The stable core of consensus knowledge
Today in an article on WUWT (archived here), Christopher is taking issue with an article written by Naomi Oreskes in Nature. Her article has the title: Earth science: How plate tectonics clicked. It is open access and you can read it here. Here is an excerpt:
In its slow convergence of ideas and evidence, the history of plate tectonics holds lessons for today's debates about human-induced climate change. Although science is always evolving, and our attention is drawn to controversy at the research frontier, it is the stable core of 'consensus' knowledge that provides the best basis for decision-making.Dr Oreskes describes some of the scientific and technological breakthroughs that underpinned the knowledge we have today of plate tectonics and related ideas about the earth's crust and what lies underneath it, and then writes:
This era marked a change in the character of modern science. Research today is expensive and largely government-funded; almost all major scientific accomplishments are the collective achievement of large teams. This reality — more prosaic than the hagiography of lonely genius — reminds us that although great individuals are worthy of recognition, the strength and power of science lies in the collective effort and judgement of the scientific community.Naomi Oreskes article is a good read and I discovered things I didn't know before. She finishes up with parallels to the discoveries of climate science.
Anthony Watts and Christopher Monckton of course are having none of it. The WUWT article is a bit confusing, but it reads as if Christopher and, presumably Anthony Watts, don't accept plate tectonics. The article is a mish mash of rubbish Monckton has written before. I defy anyone to make sense of his ramble. His basic argument is seems to be that scientific consensus is meaningless. I expect neither he nor Anthony Watts "believe in" gravity, or that the planets revolve around the sun or that water is wet. They are waiting, waiting and still waiting for some lone hero (not heroine) to "prove" that CO2 isn't a greenhouse gas and that global warming isn't happening. Or some such lunacy.
They really are nuts and getting nuttier every day. As Naomi Oreskes writes:
Anthropogenic climate change has the consensus of researchers. Political leaders who deny the human role in climate change should be compared with the hierarchy of the Catholic church, who dismissed Galileo's arguments for heliocentrism for fear of their social implications.
Science denial as entertainment and theatrics
You might be tempted to substitute Christopher Monckton and Anthony Watts for "political leaders". They might reject climate science because they fear the social implications. I don't know if that's correct though. I doubt Anthony and Christopher give two hoots for society. With this pair if they fear anything it's the personal implications. But the more I read WUWT the more obvious it becomes that the main driving force is keeping their audience. The audience being the 8% Dismissives. They are playing to a crowd. They are entertainers. Their audience is the scientific illiterati. The dumbos. The fearful. The ethnocentric.
From the WUWT illiterati
Here are some examples to illustrate the point, from the WUWT comments (archived here).
September 7, 2013 at 8:16 amJon says:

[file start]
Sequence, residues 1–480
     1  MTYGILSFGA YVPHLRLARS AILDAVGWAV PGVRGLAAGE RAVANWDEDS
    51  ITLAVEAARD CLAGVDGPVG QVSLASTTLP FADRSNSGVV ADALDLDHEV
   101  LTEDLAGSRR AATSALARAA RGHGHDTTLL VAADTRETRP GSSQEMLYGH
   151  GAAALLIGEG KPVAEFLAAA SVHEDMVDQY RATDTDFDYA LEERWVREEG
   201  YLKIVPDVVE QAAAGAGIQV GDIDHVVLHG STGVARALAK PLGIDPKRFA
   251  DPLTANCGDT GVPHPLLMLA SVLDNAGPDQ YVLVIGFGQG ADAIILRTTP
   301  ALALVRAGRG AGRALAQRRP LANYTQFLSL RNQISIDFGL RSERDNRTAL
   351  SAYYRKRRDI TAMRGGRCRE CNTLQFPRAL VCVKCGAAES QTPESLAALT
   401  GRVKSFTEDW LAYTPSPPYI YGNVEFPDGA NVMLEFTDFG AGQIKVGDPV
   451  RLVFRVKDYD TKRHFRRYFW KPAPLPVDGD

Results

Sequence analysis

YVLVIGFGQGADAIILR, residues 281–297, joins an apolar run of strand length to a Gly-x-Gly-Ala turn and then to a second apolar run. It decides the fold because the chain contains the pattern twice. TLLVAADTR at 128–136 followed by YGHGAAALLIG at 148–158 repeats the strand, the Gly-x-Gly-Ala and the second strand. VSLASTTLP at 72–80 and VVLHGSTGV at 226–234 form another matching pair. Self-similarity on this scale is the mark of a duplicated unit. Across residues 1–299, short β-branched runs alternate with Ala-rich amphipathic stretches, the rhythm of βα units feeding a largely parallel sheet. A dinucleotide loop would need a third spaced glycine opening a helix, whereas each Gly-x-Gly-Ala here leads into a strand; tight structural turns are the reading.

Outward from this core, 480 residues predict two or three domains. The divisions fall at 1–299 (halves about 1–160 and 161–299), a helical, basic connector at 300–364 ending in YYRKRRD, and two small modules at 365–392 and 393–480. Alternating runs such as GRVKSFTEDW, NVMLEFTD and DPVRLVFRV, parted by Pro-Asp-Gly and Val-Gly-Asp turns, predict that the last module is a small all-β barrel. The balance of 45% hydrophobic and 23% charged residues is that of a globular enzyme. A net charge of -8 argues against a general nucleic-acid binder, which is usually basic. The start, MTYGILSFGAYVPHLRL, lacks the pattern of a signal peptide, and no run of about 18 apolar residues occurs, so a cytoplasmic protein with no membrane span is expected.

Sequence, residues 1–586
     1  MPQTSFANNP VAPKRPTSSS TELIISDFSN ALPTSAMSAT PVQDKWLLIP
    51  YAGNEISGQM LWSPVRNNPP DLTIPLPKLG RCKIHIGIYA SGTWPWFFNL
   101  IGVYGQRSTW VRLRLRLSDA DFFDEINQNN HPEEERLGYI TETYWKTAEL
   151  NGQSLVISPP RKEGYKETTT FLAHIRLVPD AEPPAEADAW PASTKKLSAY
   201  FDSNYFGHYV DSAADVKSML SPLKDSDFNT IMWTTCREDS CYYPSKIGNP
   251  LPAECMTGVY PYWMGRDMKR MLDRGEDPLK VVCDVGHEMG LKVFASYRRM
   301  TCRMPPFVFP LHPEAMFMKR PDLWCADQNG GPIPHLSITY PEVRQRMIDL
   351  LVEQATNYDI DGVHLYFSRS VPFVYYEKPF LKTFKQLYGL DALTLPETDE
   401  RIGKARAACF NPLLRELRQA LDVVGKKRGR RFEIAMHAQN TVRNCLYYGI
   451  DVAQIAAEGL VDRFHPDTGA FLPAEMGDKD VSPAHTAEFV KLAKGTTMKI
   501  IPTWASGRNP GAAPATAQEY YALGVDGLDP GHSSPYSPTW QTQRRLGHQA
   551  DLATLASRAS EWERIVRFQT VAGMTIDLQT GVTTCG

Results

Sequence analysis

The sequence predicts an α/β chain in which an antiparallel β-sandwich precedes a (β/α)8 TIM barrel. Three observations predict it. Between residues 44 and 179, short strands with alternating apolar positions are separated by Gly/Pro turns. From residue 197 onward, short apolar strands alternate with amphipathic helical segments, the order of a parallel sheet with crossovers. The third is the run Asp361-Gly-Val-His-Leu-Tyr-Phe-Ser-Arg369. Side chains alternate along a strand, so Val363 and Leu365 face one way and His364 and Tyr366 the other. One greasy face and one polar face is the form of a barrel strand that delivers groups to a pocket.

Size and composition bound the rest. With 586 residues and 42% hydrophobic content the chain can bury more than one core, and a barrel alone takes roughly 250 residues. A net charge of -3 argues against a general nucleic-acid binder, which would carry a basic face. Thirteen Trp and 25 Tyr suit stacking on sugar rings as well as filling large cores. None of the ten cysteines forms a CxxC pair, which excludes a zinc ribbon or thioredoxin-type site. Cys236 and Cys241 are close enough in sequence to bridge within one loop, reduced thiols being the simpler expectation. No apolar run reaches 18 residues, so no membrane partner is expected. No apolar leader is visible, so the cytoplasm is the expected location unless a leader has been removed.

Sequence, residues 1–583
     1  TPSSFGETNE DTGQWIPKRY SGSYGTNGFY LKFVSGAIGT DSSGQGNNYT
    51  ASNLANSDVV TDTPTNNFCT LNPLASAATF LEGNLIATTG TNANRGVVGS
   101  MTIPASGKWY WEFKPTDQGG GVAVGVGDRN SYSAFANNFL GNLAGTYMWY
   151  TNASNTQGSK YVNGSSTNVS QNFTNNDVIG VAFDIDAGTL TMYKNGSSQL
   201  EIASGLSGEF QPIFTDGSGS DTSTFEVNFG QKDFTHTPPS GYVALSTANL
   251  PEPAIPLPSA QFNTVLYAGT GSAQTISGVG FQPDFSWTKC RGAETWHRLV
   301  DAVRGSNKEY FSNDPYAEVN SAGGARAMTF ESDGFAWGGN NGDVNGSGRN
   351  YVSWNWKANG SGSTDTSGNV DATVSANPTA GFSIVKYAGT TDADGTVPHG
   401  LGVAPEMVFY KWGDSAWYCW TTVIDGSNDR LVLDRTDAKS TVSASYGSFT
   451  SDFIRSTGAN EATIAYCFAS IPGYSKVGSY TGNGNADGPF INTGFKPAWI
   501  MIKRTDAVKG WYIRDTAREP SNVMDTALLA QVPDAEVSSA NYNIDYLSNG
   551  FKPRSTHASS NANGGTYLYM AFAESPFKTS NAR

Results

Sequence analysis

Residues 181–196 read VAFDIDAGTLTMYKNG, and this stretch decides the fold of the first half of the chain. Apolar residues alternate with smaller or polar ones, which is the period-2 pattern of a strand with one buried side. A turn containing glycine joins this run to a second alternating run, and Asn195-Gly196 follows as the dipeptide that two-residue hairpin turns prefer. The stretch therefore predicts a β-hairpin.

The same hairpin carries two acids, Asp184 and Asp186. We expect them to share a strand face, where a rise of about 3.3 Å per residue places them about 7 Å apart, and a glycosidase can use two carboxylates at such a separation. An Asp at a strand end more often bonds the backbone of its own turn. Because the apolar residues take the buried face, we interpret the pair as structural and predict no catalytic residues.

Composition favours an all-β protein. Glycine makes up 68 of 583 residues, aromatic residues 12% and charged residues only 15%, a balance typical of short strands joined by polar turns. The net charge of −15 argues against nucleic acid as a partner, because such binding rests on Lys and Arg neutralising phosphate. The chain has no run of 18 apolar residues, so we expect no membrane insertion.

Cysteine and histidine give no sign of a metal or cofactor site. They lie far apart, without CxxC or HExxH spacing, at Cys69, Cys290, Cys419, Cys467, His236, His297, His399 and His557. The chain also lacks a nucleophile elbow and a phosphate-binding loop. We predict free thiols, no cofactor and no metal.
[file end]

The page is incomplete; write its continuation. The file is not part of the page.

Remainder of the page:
Why doesn’t the Obama USA just use its secret court system to put skeptics in camps and be done with it. Can’t be that important if they don’t even bother.
September 7, 2013 at 8:22 am
In order to make a new and “better” world they have to get rid of logic and scientific principles?
Bennett In Vermont says:
September 7, 2013 at 8:38 am
I enjoy expanding my vocabulary by reading your articles, Lord Monckton. Thank you!
September 7, 2013 at 8:48 am
I am almost tempted to cut these warmists some slack. After all, all they know and understand is “consensus”. All their political experience is rooted in “let’s put this to a vote.” So of course when the majority rules, the decision is made, there is no need for further discussion on the topic. Politicians, consensus builders, debating teams, judge and jury situations… it’s all the same. The idea that their majority decision is incorrect is only a vague, distant possibility that is hardly worth considering and besides, that’s just sore loser talk to them. I would recommend the warmists take at least one 101-level course in one of the hard sciences (physics, chemistry, etc,) before they start forcing their belief system upon us, but I’m sure they have no interest in listening to my suggestions. Like I said, I am ALMOST tempted to cut them some slack.
Bryan A comes up with a really, really good idea, but it's not one that deniers usually favour. He says:
September 7, 2013 at 8:54 am
Perhaps the real experiment to determine if reducing CO2 will reduce temps is not to detect increased temps through an elevated CO2 environmant but rather to take a control of ambient atmosphere and a test of reduced CO2 to see if reducing CO2 will reduce temps
John West misses the whole point in true illiterati style and says (excerpt):
September 7, 2013 at 9:12 am
The article was actually quite good until the article went off into climate change religion apology. Early on the comment is made:
“But the arguments for continental motions did not gel until the 1960s, when a drastic expansion of geophysical research, driven by the cold war, produced evidence that reopened and eventually settled the debate.” — Naomi Oreskes (Nature, 4 September 2013).So, in Naomi Oreskes’ own words the debate on plate tectonics was settled due to EVIDENCE not CONSESUS. But then she calls for us to believe the debate on climate change should be settled because of consensus instead of evidence.